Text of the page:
Locals say that the South ends fifty miles north of New Orleans. In many ways, this is true. This city is home to a diverse music culture, world-renowned cuisine, voodoo, and Mardi Gras , one of the world's largest parties. New Orleans is a relatively small city which had little concern for what went on outside of it until Hurricane Katrina devastated the city 2005. Parts of New Orleans are still recovering from this disaster but the city's vibrant culture is back in full swing.
The French Quarter, or Vieux Carre in French, is the oldest neighborhood in New Orleans. It lies in the crescent of the Mississippi River and consists of fairly narrow streets, reminiscent of European city planning, that reveal hidden courtyards and look up to wrought iron balconies. The architecture in the Quarter typically dates to the late 18th- and early 19th-centuries, and draws on French and Spanish influences. In the daytime, the French Quarter, especially the area around Jackson Square, is filled with tourists, street performers, and the occasional conman. At night, the French Quarter transforms into the stereotypical party scene. Barhopping college students, adventurous suburbanites, tourists, and others all populate the area until the wee hours.
Lower Canal Street
Once the main shopping district of New Orleans lined with popular department stores and theaters, Canal Street lost much of its grandeur to a sluggish economy in the 70s and 80s. Today, Harrah's New Orleans and an expanded convention center have helped this part of Canal Street to develop into a ten block strip of hotels, T-shirt shops and electronics stores. The Riverwalk Market Place , which is near the Aquarium of the Americas and the Ernest M. Morial Convention Center , also makes this a popular stop for tourists.
Central Business District
The scattered, mismatched skyscrapers and superbly odd-shaped Superdome of the Central Business District form the recognizable skyline of New Orleans. Several modern hotels, as well as older and established hotels are in the heart of the CBD and the New Orleans' business community. Bustling during the day with local businesspeople, this area lulls at night. Since the district is relatively empty at night, many of the guests from the hotels in the neighborhood head for the Quarter.
This is the premier New Orleans residential neighborhood, boasting the tremendous oak tree lined Saint Charles Avenue as its most-famed street, and home after home epitomizing the antebellum's Greek Revival architecture. Only a walking tour will do this dazzling district the justice it deserves. If you visit the city, you must see the lush, overgrown gardens and grand mansions that line these streets. The Garden District has many well-known residents, including Trent Reznor, Archie Manning, and Anne Rice, the famous author of many vampire novels.
Mid-City usually goes unnoticed by the average tourist until Jazz Fest , when thousands of eager visitors, bedecked in shorts and tank tops, crowd onto the Esplanade bus to reach the New Orleans Fairgrounds . Quiet and verdant with trees, Mid-City attracts locals to its wide offering of moderately priced restaurants, New Orleans City Park , and the New Orleans Museum of Art . For tourists, Mid-City is home to impressive aboveground cemeteries, including Metairie Cemetery, Oddfellow's Rest, and St. Louis Cemetery #3.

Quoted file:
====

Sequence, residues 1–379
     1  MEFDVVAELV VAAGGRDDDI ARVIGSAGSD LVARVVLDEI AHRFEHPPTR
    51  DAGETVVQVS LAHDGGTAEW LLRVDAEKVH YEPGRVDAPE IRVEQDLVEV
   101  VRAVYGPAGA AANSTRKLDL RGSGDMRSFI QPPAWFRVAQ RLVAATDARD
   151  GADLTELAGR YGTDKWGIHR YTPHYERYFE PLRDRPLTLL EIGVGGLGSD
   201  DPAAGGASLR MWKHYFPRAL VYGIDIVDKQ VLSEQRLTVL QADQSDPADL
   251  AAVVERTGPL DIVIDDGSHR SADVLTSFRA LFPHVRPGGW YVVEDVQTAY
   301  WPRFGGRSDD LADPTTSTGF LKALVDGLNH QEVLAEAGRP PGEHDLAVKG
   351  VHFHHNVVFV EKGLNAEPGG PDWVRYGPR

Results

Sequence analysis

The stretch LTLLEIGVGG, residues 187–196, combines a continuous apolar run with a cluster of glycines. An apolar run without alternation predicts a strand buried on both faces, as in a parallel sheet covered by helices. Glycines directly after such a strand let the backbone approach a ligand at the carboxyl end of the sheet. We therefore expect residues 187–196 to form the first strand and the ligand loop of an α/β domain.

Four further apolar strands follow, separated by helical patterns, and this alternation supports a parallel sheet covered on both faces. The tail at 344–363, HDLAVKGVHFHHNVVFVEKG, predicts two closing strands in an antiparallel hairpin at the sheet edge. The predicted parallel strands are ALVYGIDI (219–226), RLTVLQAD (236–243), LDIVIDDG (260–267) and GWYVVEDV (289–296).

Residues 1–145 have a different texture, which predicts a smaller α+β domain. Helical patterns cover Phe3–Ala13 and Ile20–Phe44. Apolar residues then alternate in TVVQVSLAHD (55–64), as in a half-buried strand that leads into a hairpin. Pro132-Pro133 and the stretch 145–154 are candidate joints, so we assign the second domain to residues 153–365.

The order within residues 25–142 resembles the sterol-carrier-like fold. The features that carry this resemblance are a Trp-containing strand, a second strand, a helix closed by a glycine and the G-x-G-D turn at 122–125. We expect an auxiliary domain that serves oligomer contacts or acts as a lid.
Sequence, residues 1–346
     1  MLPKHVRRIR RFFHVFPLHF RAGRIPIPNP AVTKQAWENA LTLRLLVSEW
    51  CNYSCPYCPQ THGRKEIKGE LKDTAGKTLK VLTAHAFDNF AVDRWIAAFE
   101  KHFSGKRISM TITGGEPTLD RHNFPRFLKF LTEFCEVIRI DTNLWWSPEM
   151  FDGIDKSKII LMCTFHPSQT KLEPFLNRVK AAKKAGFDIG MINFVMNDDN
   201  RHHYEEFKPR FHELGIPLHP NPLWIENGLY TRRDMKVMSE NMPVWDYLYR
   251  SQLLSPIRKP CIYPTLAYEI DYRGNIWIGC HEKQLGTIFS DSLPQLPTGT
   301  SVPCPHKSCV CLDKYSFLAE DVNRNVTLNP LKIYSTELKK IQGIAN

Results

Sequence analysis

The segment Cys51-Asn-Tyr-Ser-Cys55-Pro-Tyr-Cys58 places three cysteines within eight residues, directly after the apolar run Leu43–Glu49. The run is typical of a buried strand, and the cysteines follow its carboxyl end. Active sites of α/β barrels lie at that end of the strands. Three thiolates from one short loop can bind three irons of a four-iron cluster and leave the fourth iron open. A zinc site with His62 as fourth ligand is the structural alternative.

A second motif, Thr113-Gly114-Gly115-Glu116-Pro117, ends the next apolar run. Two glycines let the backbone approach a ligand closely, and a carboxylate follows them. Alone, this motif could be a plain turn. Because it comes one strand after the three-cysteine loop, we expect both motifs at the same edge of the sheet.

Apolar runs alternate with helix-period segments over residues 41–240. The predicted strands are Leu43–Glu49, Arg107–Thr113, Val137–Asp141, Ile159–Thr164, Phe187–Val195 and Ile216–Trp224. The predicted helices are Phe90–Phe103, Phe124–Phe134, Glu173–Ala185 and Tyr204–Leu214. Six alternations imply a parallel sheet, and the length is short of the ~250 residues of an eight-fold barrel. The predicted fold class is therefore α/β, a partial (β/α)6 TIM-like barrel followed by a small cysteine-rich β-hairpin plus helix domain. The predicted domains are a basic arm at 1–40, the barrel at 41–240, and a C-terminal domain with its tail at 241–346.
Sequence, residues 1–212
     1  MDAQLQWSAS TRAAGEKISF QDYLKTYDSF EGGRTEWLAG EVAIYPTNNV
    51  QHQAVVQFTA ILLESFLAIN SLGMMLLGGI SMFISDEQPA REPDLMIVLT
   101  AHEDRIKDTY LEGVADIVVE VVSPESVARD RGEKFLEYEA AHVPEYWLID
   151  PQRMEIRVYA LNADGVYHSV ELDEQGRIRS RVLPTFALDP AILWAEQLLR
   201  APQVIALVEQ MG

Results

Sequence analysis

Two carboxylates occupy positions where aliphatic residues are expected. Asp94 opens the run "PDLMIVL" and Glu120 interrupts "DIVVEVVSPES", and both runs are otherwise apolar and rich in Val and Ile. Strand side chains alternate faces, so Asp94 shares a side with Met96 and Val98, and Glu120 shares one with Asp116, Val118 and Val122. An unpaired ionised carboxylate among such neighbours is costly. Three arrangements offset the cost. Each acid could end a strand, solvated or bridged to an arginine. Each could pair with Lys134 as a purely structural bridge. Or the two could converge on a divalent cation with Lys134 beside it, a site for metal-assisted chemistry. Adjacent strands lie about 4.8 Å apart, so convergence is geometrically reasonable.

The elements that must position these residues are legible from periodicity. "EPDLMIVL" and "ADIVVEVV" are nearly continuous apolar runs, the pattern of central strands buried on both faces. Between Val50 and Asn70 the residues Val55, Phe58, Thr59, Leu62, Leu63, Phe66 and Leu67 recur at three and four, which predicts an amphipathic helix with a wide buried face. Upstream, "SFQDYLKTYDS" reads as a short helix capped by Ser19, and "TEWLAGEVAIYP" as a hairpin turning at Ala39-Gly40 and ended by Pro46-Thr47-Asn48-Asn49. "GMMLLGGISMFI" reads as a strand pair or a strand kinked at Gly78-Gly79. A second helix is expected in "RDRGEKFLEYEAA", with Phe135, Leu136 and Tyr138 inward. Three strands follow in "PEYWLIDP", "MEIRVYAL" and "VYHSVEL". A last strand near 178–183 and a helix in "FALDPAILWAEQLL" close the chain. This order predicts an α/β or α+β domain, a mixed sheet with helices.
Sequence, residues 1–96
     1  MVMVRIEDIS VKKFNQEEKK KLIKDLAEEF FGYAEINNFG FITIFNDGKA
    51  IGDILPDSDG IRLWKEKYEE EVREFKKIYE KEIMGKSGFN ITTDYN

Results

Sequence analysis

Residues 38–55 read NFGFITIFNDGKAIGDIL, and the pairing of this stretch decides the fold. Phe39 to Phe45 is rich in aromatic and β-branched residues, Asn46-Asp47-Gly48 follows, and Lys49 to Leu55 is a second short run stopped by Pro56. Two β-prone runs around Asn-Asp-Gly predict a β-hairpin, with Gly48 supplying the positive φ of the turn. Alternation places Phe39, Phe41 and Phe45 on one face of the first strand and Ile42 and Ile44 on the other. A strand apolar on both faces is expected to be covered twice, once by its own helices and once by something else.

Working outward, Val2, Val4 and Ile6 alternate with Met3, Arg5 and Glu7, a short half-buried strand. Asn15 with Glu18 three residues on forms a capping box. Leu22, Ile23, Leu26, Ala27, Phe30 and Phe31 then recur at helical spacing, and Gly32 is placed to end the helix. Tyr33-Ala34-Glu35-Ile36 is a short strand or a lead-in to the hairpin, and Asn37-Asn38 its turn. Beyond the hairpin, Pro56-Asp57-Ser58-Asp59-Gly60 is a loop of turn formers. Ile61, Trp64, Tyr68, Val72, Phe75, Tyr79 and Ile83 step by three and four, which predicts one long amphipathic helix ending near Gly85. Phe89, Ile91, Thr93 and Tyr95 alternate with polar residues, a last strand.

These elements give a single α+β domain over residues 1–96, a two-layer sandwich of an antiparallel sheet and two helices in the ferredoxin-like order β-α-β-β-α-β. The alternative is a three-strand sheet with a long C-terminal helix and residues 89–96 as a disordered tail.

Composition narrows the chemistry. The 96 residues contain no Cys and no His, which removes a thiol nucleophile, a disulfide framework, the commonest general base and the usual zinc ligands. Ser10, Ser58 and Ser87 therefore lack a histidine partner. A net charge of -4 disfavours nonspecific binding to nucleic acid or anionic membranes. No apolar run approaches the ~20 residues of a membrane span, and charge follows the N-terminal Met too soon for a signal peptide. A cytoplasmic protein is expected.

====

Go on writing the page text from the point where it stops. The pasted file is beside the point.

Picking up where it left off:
Oak lined streets, Victorian mansions, and college cafes are staples of New Orleans' thriving Uptown neighborhood. St. Charles Avenue and Pyrtania Street offer examples of Colonial Revival architecture. The neighborhood is also home to Tulane and Loyola Universities. In addition to the mansions and universities, many pleasant coffee shops, antique stores, and restaurants crowd the small spaces between the fantastic homes of New Orleans' upper class. Residents and visitors alike jog the two miles through Uptown's gorgeous, Spanish moss-filled Audubon Park each morning.
Having outgrown the once-appropriate title, this historic New Orleans' neighborhood is no longer frequented by blue-collar factory workers. Instead, it is now a vibrant arts district populated by the city's young professionals. Some of the best art galleries in the city sit beside restaurants that offer excellent cuisine. In addition, locals and tourists crowd into the streets of the district during festivals such as Art for Art's Sake, when plenty of wine, cheese, gumbo, and art clutter the sidewalks and the shops.
The Royal Sonesta Hotel is located in the French Quarter and is built in the traditional French Quarter style, complete with gabled windows, French doors and ...
Aquarium of the Americas is a world-class aquarium with state-of-the-art exhibits, allowing visitors young and old to experience underwater nature first hand. Visitors immerse ...
NOLA. New Orleans Shorthand for a return address with a hurricane swirl.... the strength of the storm by which Emeril Lagasse has taken his adopted home New Orleans with a whirlwind of fresh adaptations of classic Creole cuisine. Located in the French Quarter, this hip & fun restaurant's decor is almost as playful & sophisticated as its menu. Come & see how Emeril Lagasse breathes new life into the New Orleans cuisine he loves. Although walk-ins can be accommodated, reservations are highly recommended. Our dress policy is casual to business casual with no tank tops for men. Joshua Laskay, Chef de Cuisine, and Averriel Thomas, General Manager, are dedicated to providing you with that memorable dining experience.